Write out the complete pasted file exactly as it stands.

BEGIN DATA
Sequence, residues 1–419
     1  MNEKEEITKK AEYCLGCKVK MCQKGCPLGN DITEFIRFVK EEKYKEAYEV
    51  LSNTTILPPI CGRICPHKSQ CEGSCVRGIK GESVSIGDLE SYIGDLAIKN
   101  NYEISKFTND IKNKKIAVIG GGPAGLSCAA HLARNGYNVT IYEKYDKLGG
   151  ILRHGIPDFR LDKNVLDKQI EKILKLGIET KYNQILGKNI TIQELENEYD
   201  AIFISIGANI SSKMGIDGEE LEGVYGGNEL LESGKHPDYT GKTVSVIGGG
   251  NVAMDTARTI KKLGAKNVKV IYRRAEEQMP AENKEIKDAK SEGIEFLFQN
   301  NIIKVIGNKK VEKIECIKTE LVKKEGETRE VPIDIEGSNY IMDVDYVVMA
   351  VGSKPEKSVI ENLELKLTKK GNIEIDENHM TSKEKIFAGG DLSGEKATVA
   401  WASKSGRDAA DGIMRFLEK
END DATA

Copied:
Sequence, residues 1–419
     1  MNEKEEITKK AEYCLGCKVK MCQKGCPLGN DITEFIRFVK EEKYKEAYEV
    51  LSNTTILPPI CGRICPHKSQ CEGSCVRGIK GESVSIGDLE SYIGDLAIKN
   101  NYEISKFTND IKNKKIAVIG GGPAGLSCAA HLARNGYNVT IYEKYDKLGG
   151  ILRHGIPDFR LDKNVLDKQI EKILKLGIET KYNQILGKNI TIQELENEYD
   201  AIFISIGANI SSKMGIDGEE LEGVYGGNEL LESGKHPDYT GKTVSVIGGG
   251  NVAMDTARTI KKLGAKNVKV IYRRAEEQMP AENKEIKDAK SEGIEFLFQN
   301  NIIKVIGNKK VEKIECIKTE LVKKEGETRE VPIDIEGSNY IMDVDYVVMA
   351  VGSKPEKSVI ENLELKLTKK GNIEIDENHM TSKEKIFAGG DLSGEKATVA
   401  WASKSGRDAA DGIMRFLEK